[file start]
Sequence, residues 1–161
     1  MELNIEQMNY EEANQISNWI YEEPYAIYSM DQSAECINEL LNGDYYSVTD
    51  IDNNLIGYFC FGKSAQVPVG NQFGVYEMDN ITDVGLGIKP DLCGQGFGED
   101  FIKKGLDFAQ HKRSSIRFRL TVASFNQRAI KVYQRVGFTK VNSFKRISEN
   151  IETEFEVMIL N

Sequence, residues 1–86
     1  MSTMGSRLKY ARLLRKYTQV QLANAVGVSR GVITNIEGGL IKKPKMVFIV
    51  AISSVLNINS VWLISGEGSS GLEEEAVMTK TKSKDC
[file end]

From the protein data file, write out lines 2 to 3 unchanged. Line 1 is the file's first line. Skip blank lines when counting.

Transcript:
     1  MELNIEQMNY EEANQISNWI YEEPYAIYSM DQSAECINEL LNGDYYSVTD
    51  IDNNLIGYFC FGKSAQVPVG NQFGVYEMDN ITDVGLGIKP DLCGQGFGED